Healthy Dogs

Both Reid and Matt reviewed Ted Kerasote’s first dog book, Merle’s Door, here. His newest book, Pukka’s Promise:the Quest for longer- Lived Dogs, nearly got by me as I worked on my own dog book, and that would be a shame. Less a narrative than his previous book, it uses his present dog Pukka to examine all the odd modern attitudes to dogs that hamper our efforts to breed and live with healthy animals. Without being an exact parallel to Hounds of Heaven, it nevertheless is concerned with many of its issues: how to breed healthy dogs, how to feed them, how to let them lead good lives. He deals with everything from genetic diversity to cancer.

I  was intensely interested in his chapter on, and against, spaying and neutering. Even for stopping population growth, he argues, vasectomies and tubal ligation, which can be cheaper, are superior methods– dogs with intact organs are less likely to stress their adrenal glands, have fewer cancers, and are generally healthier. He puts a little less emphasis on genetic diversity and its loss, my chief worry, but he catches the cultish spirit behind universal spay neuter. Many people are actively hostile to him when they realize his dog is “intact”; one asks him “Don’t all dogs have to be spayed and neutered?”

“Why?” I replied.

“For their health”.

“Where did you hear that?’

“From my vet.” !!!!

It seems even with the struggles and arguments I have had, I have been living in a bubble.Kerasote goes on to state:”Intact dogs have almost vanished from ordinary family life during the last four decades and can now only be seen on a regular basis at dog shows and field trials, in some inner-city neighborhoods, and on Indian reservations. [emphasis mine SB] This is not a representative sample of dogdom, either behaviorally or genetically. But when I’ve remarked to people in the animal welfare movement that we need to be concerned about the narrowing of the canid gene pool, and its consequences for the health of dogs as well as our understanding of them, I’ve been called an egghead. As one person told me, “I can’t get exercised over long-term genetics effects when millions of dogs are dying in shelters.'”

If you want to have dogs, never mind healthy dogs, you had better think about this! Here are a few amusing links. Which dog breeds are closely related to wolves?” will remind you that Asian sighthounds are not greyhounds. Pedigree Dogs Exposed is a continuing expose of what limited gene pools do to animals. And “33 Healthiest dog breeds” was getting me angrier and angrier as it counted down, until I got to the last– and laughed aloud.

Some healthy dogs we know:

The Hounds

The book is done, at 44,000- plus words– I like it, very much, and hope not to have to rewrite it. As it is a very personal book it may seem quirky to some, but I hope the editors can use their judgment and let it stand, more or less as is, with its melancholy and occasional obsessiveness…

My first page has a frontispeiece, of mad Riss and silly Tavi and stout old Ghaddi dancing, and an epigram– THE epigram- from Federico Calboli, which somehow sets the mood for the whole book, for me. Other photos will simply have a separate folder, but I thought that the mysterious hounds, dancing in black and white, deserved a special place of their own. Let us see if I can reproduce the effect here…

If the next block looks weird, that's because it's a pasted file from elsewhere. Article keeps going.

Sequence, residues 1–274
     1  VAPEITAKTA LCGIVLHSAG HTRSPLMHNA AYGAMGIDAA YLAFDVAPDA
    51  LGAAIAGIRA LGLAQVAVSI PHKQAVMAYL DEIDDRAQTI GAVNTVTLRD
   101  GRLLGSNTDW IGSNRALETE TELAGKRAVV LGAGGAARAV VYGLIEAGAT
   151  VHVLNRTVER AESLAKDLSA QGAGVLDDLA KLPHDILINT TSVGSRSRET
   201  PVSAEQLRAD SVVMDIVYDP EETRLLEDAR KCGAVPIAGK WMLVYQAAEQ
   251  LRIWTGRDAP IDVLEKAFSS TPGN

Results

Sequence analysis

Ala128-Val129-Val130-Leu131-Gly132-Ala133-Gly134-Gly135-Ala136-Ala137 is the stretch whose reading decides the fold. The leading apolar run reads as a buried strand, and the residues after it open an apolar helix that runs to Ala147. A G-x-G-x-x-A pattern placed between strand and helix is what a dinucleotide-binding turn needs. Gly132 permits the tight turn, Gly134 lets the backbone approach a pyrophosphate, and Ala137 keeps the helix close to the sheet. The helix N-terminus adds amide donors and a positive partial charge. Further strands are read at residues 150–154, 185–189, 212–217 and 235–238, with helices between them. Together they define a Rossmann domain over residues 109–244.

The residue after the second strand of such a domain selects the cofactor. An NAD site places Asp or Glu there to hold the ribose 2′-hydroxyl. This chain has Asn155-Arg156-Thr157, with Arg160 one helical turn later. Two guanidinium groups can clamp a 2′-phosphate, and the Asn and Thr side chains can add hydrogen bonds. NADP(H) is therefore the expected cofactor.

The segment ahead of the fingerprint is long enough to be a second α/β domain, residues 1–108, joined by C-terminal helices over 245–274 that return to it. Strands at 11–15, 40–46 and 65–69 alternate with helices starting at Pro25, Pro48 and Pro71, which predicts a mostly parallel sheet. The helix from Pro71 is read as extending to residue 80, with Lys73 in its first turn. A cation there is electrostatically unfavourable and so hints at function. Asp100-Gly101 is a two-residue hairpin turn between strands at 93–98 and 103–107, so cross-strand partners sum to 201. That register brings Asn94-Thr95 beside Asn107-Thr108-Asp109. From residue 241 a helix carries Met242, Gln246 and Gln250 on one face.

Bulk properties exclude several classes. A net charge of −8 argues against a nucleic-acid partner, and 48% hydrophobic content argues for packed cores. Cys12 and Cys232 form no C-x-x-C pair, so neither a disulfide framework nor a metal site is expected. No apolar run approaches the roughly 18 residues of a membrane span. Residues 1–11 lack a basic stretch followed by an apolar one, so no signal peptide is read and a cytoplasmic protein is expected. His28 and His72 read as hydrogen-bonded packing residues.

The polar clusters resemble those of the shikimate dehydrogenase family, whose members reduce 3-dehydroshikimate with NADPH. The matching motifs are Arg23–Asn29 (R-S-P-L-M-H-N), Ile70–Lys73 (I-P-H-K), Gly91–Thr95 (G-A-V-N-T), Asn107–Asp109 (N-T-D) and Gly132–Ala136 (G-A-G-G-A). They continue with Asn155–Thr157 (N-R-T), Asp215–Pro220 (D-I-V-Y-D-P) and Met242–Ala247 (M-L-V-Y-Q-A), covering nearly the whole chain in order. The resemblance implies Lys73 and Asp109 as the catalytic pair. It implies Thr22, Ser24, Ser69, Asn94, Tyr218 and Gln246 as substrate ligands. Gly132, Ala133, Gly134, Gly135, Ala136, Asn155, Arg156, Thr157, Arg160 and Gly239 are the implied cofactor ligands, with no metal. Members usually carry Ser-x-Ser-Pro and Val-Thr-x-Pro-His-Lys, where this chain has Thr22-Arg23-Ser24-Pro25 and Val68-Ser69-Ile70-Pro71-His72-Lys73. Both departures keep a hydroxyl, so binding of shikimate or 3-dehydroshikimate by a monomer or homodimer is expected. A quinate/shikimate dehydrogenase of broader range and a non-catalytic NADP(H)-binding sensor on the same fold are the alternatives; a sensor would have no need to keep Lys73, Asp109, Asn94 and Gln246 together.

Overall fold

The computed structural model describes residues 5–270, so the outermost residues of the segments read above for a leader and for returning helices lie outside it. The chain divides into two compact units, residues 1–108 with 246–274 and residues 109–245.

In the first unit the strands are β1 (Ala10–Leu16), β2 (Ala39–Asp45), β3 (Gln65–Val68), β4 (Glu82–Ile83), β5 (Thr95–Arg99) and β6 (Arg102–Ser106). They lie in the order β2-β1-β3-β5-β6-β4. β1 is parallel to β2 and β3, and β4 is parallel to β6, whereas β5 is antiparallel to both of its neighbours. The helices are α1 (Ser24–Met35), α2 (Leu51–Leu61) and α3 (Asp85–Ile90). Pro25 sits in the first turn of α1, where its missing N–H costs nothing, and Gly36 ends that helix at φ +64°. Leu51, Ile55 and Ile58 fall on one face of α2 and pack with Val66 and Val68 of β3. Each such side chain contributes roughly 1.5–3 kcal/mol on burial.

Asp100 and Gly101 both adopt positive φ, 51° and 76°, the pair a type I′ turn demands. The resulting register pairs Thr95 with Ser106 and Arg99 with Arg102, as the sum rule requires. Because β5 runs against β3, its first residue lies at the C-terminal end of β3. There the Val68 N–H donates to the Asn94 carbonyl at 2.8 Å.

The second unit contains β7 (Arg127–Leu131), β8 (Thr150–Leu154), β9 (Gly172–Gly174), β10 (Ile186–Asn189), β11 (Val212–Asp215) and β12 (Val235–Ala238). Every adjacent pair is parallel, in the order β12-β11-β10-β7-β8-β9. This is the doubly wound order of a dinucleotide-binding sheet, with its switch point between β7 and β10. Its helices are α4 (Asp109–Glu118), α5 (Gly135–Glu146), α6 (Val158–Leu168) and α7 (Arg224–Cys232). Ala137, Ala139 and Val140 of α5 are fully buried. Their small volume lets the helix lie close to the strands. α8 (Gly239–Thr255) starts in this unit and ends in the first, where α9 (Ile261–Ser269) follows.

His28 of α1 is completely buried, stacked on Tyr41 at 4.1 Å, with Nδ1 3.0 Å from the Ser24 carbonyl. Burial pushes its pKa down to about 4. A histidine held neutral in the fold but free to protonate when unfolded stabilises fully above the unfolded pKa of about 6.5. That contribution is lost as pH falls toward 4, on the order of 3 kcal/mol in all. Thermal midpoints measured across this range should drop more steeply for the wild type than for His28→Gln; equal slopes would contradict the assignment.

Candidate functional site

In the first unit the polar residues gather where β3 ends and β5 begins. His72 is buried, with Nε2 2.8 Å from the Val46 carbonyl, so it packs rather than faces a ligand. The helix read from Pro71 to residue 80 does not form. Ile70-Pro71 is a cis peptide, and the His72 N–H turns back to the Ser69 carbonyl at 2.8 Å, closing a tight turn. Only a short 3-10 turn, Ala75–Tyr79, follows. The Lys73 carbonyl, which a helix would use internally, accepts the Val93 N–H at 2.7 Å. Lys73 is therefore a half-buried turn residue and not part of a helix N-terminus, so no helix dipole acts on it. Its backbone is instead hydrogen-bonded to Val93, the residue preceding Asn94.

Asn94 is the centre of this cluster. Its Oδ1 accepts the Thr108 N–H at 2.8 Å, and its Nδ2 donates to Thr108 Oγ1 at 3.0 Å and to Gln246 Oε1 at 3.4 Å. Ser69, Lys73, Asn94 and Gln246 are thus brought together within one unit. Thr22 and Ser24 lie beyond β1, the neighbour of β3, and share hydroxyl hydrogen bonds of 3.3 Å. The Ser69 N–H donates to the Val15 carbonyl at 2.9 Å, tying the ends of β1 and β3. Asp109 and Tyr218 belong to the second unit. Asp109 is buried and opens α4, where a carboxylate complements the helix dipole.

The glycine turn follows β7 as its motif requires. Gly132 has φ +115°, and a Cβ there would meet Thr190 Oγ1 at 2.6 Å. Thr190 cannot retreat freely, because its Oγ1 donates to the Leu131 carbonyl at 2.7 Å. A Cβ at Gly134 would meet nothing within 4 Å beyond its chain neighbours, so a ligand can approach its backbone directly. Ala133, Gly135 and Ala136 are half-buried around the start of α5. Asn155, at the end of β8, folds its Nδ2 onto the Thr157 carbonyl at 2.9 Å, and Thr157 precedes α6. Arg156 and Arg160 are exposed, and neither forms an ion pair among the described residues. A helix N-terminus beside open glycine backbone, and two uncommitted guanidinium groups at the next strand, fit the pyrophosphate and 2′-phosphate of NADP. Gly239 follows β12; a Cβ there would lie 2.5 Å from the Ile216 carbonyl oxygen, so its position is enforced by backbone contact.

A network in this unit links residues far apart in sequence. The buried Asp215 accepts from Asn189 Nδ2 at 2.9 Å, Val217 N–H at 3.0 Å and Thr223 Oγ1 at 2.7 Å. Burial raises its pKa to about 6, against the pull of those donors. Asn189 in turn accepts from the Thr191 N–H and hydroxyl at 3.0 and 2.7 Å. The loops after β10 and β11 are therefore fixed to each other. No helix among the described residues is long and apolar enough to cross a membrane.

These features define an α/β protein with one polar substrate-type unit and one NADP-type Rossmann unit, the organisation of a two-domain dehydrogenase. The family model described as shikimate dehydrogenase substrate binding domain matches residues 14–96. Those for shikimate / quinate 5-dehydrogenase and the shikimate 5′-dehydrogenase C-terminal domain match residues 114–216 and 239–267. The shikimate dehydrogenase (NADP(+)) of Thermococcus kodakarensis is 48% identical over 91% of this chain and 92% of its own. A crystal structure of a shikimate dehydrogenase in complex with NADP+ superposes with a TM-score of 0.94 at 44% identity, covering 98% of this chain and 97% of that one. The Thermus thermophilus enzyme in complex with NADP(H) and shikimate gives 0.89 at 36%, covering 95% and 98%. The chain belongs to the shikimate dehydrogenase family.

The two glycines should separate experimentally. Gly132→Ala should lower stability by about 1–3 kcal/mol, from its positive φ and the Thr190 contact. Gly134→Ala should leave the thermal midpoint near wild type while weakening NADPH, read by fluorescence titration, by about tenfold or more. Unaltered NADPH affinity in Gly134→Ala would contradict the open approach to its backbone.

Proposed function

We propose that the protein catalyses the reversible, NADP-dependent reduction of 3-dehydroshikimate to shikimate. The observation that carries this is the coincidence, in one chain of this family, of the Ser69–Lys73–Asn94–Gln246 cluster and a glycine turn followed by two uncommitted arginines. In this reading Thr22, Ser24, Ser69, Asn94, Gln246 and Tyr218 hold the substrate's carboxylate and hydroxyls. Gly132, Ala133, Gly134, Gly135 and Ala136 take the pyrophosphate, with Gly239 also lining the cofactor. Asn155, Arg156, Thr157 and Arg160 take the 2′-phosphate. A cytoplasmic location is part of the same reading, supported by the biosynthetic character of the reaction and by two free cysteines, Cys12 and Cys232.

Dogs seeking homes…

There will be some interesting pups available later this year. But right now there is a wonderful rather young full grown dog available: Meshi. One of the difficulties among so- called “primitive” breeds is that they are– sometimes fiercely– hierarchical, especially the females. This is rarely a problem when they are raised together, as they accept the status quo– but when two Alpha queens are suddenly “forced” to live together, one must yield– and does not, sometimes.

At Shiri’s, neither Meshi nor Riss would back down, and Meshi must find a new home, one without bitches– she gets along perfectly well with males, cats, and other species.

Says Shiri:

“Rissy has been great with Mars and with Tavo’s bitches when they have been over.  Never a worry.  But not all dogs can be together, and Rissy and Mesh were not a match. 

2.5 years old, good with people and cats and kids,  very cheerful, extremely loving, super athletic.  Needs to go to a home without other bitches.  You can put my email address in the blog as a contact.”

And here it is: shiri.hoshen@outlook.com

Meshi’s needs are greatest. But there are more out there. John Burchard has bred another litter out of Tigger and Prince– that is Kazakh and working line Saudi, the Kazakh itself a combination of Almaty and Semirichenski lines, brindle genes out of Lashyn, and Kyran…

Tigger:

UPDATE: here is Tigger litter 2!

And for those who prefer lurchers and longdogs, Patrick has a link. They are descended in part from Lashyn and Plum, and Terence’s old Percy.

Finally, we are at  least thinking about planning an ultimate litter, though the breeding has not been done…